Indianapolis' Black Expo
Game stations at Black Expo offer chance for kids and adults to try educational, active games
July 16, 2015
Today's video games are designed to get kids moving to help meet exercise goals. Not only are kids getting exercise with these new interactive games, but many of these games are becoming more educational.
Friday afternoon, the Indiana Convention center was filled with Indiana Black Expo visitors as they scoped the place for interesting booths to visit. One particular booth, however, had captured the attention of many young people as well as the adults.
Phelco Technologies’ Tech Street allows children, and even parents, to play at all the Game Stop gaming stations and enter tournaments that everyone can participate in.
Phelco Technologies is an IT solutions firm headquartered in Indianapolis. Phelco is an information security-based company that partners with many large companies such as Sony, Nintendo, and Game Stop.
Tasha Phelps, CEO of Phelco Technologies, has been working with Phelco for 18 years and has been bringing her company to the Expo for five years.
“We find it very, very important to give back and expose technology to some that may not have had exposure to some technology,” Phelps said. “My son actually inspired me with the design of this space.”
There were multiple stations set up with at least two televisions at each station. Some stations were free of chairs specifically for interactive gamers who like to play the consoles such as the Wii and the Xbox Kinect.
Studies have shown that video games can have an educational role to play. Survey has reported that kids who played educational games were less likely to suffer from attention problems at school.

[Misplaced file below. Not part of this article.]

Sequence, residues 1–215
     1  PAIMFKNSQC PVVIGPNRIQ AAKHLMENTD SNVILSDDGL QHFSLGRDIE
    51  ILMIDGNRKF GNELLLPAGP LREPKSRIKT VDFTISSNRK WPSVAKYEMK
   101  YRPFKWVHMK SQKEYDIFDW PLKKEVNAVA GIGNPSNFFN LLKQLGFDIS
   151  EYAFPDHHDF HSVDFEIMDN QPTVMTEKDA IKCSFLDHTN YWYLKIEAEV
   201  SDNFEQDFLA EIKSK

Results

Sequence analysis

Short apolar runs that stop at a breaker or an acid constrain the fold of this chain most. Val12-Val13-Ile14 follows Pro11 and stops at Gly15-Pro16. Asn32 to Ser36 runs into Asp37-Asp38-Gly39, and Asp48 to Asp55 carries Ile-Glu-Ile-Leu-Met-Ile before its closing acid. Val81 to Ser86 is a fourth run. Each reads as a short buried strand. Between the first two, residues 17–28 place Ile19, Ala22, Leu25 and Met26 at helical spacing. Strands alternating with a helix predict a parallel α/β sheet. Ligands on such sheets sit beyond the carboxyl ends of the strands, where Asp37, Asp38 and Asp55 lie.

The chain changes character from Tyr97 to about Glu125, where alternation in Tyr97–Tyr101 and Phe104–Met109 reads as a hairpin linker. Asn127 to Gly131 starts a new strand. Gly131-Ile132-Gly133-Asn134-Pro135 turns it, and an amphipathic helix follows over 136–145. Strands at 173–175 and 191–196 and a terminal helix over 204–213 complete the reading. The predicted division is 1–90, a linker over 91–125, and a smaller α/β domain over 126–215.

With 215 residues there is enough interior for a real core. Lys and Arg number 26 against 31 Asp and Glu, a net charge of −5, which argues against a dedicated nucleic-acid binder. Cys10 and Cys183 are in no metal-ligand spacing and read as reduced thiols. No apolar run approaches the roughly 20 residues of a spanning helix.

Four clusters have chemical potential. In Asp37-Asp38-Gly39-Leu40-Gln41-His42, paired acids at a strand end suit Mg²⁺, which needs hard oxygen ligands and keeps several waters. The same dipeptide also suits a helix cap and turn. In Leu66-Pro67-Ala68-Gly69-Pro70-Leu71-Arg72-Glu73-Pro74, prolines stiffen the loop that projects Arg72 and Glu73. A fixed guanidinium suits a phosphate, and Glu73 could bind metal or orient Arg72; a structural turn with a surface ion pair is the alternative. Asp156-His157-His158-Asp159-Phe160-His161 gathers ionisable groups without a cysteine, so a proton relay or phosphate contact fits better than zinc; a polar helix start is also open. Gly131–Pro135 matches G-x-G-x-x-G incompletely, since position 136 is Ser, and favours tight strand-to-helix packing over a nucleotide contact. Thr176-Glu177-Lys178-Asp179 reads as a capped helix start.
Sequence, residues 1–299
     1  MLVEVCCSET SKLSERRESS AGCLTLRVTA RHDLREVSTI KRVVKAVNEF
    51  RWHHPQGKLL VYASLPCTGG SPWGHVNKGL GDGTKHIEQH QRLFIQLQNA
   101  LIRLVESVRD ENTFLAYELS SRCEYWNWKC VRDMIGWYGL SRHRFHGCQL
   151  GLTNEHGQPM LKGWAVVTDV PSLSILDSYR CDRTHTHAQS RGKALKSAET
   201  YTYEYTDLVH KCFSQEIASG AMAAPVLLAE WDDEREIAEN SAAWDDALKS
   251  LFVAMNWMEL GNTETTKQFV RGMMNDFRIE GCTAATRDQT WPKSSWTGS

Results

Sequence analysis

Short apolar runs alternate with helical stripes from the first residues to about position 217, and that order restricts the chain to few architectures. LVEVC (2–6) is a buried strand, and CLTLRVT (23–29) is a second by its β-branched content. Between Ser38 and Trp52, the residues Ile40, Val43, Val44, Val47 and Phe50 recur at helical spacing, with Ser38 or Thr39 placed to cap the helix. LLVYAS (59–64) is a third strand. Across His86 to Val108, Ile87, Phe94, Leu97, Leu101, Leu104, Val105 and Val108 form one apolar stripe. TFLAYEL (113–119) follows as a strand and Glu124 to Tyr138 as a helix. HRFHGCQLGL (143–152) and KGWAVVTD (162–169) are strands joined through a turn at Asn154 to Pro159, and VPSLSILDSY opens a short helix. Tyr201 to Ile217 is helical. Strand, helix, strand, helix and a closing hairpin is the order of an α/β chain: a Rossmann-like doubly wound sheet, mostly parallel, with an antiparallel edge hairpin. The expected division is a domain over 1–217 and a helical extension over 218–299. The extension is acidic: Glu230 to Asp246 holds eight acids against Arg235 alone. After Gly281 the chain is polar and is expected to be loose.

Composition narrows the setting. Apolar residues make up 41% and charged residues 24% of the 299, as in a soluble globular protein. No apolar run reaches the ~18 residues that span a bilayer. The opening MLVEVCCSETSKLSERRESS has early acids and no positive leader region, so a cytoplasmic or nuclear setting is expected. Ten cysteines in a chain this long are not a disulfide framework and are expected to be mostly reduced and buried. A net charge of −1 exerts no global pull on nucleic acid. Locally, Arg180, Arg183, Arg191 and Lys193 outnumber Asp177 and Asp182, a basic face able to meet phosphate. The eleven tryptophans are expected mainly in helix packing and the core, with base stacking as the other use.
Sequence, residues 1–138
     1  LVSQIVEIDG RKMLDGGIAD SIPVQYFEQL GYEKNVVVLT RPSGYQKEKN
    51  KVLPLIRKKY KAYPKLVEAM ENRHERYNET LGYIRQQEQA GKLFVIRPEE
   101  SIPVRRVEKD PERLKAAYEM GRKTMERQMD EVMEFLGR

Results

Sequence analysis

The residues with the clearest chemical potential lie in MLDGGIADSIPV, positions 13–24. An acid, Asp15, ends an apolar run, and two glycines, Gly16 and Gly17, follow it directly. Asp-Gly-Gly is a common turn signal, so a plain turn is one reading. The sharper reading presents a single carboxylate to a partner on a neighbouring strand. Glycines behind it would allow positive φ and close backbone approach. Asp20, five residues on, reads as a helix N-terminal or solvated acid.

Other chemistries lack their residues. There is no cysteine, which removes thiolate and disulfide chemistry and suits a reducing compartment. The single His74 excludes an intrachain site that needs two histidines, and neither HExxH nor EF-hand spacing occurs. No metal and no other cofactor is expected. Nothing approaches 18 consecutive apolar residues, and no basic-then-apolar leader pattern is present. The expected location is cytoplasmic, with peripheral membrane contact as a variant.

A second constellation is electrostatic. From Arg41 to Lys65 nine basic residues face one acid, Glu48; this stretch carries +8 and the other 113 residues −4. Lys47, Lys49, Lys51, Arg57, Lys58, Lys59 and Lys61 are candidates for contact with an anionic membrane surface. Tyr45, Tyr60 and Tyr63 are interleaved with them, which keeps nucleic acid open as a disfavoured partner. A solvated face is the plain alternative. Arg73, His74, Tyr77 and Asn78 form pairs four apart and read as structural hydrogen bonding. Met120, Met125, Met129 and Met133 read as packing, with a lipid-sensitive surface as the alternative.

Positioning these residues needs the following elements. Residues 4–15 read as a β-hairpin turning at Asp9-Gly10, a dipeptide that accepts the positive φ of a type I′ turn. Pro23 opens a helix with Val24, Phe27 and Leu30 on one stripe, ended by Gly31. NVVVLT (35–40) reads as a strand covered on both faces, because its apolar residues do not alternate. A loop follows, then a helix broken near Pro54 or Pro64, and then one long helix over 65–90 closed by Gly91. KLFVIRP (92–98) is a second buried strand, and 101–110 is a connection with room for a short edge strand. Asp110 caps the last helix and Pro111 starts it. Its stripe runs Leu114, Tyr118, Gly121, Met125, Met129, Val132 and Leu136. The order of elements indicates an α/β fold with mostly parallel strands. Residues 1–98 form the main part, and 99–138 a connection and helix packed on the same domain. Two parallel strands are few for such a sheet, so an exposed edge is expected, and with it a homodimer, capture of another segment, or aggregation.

“There is a cross between video games and actually learning with these kids,” said Phelps. “They pick up more in that kind of setting. We are now talking about how we can integrate a learning experience in a video game environment.”
Shane Walls is the district manager of 14 different Game Stop stores in the Indianapolis area as well as Muncie. Walls also has an 11-year-old son and he feels education games are most important.
“There are so many great games that can teach you about life in general and there are a lot of educational games out there,” Walls said. “My son is 11 and the educational games are really all we base it down to for him to play.”
Not only is education important but exercise has been one of the main concerns for parents of video gamers. The new trend, “exergaming,” is bringing families together to get off the couch and have fun while working out.
Game consoles such as Kinect for Xbox 360, PlayStation Move and the Wii Fit are all examples of exergaming. Even kids understand the importance of staying active.
“When you’re sitting down, you’re not getting your exercise but when you’re moving and playing a video game you don’t know that you’re exercising because you’re too busy having fun,” 11-year-old Amari Johnson said. Johnson was playing "Just Dance," a Nintendo Wii game where players hold remotes and follow dancers the screen.
Continuous smiles were around the room as children laughed and played for hours on the interactive games getting their exercise in for the day as well.